These investors are looking at India like never before

May 24, 2010

In this issue:
» First year of UPA-II government: Good or bad?
» Euro economies staring at default, says Raghuram Rajan
» MNC pharma cos. gaining strong footing in India
» With stocks in a correction, what investors need to remember
» ...and more!

--------------------- FREE Webinar with Ajit Dayal - Exclusively for Equitymaster Subscribers! ---------------------
If you are worried about the global crisis reaching India, then do tune in to the Equitymaster FREE Webinar, titled, 'Global Fears, India Cheers?' Listen to Ajit speak on the opportunity he can foresee for India...and for a long-term investor like yourself. And if you send in your questions on investing quickly enough, he will be happy to answer them. Scheduled for Monday, 7th June, 5.30 pm (IST). Register now and also get FREE subscription to The Daily Reckoning.

Most experts believe that the UPA government has not been able to do proper justice to the reforms process during the first year of its current regime. The reasons aren't far-fetched. During this period, the government's focus has largely been on non-economic issues like Naxalism and the IPL fiasco. Add to that the economic issues like mis-handling of the 2G spectrum auctions and rising inflation.

Overall, there is a feeling of frustration within the country with respect to the pace of the reforms process. However this hasn't deterred foreign investors in India. After all, for them, India's long-term potential is too compelling to ignore.

This is given that the economy, despite the poor governance, continues to chug along well. Corporate profits are in a recovery mode. India's young and emerging middle-class is coming back on a consumption drive. And in order to exploit this, automakers like Volkswagen and retailers like Wal-Mart and Tesco are working around restrictions to access the huge untapped opportunity.

As per stats, FDI into India during the first 11 months of FY10 was US$ 33 bn, nearly an all-time high. Add to this the US$ 24 bn poured in by the FIIs during this period.

Data Source: Department of Industrial Policy & Promotion, Govt. of India
* Data for FY10 is for the first 11 months - Apr. 2009-Feb. 2010

So there you are. Despite the growing internal frustration regarding the reforms process, foreign investors (and more of the 'serious' variety) are not ready to give India a miss! What about you?

Are you frustrated with the speed of reforms in the Indian economy? Share you view.

 Chart of the day
Today's chart of the day compares the performance of stocks, oil and gold since the current UPA government came to power last year. The chart also shows the change in food prices during this period.

Without doubt, stocks have been the best performer, followed by oil and gold prices. While oil prices have cooled off a bit, gold has seen a sharp surge of late owing to the deepening Greek crisis. As for the stocks, while the broader markets look fairly valued, long term investors can still find some valuable companies at reasonable prices.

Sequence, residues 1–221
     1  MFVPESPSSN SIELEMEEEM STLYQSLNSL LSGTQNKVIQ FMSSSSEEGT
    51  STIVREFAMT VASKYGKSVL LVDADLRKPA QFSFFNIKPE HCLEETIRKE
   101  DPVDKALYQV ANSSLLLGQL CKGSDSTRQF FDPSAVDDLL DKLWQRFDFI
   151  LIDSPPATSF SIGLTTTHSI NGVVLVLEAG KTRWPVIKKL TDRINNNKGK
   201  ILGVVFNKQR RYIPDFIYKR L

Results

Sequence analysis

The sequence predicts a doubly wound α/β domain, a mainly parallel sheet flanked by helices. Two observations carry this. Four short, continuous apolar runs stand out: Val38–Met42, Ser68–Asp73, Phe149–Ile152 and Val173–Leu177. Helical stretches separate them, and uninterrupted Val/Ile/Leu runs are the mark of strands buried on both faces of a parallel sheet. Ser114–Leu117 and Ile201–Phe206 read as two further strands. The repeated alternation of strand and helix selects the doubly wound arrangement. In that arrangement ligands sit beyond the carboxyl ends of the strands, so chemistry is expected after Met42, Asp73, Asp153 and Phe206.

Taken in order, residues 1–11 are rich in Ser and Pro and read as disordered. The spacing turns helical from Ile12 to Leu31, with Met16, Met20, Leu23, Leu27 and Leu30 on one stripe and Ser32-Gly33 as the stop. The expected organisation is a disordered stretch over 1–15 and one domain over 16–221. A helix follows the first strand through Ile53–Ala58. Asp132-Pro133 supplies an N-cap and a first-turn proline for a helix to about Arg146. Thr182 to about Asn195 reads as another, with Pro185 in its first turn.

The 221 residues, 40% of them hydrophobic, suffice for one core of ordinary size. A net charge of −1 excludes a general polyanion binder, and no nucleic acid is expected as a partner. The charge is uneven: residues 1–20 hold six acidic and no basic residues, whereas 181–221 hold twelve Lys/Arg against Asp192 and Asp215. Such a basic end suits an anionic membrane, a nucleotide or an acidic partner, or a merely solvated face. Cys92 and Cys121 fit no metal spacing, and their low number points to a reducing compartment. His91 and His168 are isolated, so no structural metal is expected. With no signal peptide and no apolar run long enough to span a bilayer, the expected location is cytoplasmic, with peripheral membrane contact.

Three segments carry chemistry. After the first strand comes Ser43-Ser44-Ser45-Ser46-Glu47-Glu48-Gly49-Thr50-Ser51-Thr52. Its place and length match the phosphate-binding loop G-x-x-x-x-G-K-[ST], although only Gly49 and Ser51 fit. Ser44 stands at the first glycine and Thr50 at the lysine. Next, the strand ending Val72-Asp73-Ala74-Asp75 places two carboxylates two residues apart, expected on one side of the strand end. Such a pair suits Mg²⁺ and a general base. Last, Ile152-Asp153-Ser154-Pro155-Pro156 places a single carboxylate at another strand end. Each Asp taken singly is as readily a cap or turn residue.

Data Source: Yahoo Finance, Kitco

Large question marks loom over the world. They threaten to disrupt global financial stability. And if you thought that the credit crisis of 2008 was as bad as it gets, you may have to think again! 2008 was led by question marks over the private sector, and fears of default therein. That's when governments stepped in to sooth anxious nerves with numerous bailouts and stimulus packages. But now that many governments themselves, especially in Europe, have become debt laden like never before, there seems to be no one left to shift this burden onto. No wonder that financial markets have become such an anxious lot.

Raghuram Rajan, a former IMF chief economist, offers reasons for this volatility. He feels that markets doubt that governments will follow through on unpopular promises to raise taxes. Particularly after watching riots in the streets of Athens. For them, there's only one of two inevitable outcomes - inflation or default. In Europe's case, a large portion of the debt is short term. And inflating it away takes time, thus that's not likely to be effective. Default, then, is the demon that we may be staring at.

MNC pharma companies are slowly but surely regaining their lost footing in the Indian pharma market. In the past couple of years, these companies have gone all out to either forge alliances with generics players or buy their businesses. Sanofi-Aventis, Pfizer, Glaxo, Novartis have all realised the importance of generics. And the latest to join this bandwagon is Abbott Laboratories. The company last week purchased the domestic pharma business of Piramal Healthcare for US$ 3.7 bn. Now with Daiichi also acquiring a majority stake in Ranbaxy, this means that the top 4 players in the Indian market are MNCs. India's pharma market is poised for growth and MNCs are looking to capitalise on the same. It will be interesting to see what domestic pharma now chooses to do.